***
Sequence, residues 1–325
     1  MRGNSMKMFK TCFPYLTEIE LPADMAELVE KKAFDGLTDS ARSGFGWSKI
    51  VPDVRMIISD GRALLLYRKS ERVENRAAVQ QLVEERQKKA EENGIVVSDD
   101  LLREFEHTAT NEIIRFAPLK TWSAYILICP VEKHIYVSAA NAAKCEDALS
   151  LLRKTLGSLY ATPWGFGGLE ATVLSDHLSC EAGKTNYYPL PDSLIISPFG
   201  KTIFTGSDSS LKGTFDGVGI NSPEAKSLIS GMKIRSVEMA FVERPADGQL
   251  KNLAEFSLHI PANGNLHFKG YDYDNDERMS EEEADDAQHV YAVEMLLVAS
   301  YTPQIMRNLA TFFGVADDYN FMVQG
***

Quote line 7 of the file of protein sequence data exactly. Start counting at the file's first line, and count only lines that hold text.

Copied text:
   251  KNLAEFSLHI PANGNLHFKG YDYDNDERMS EEEADDAQHV YAVEMLLVAS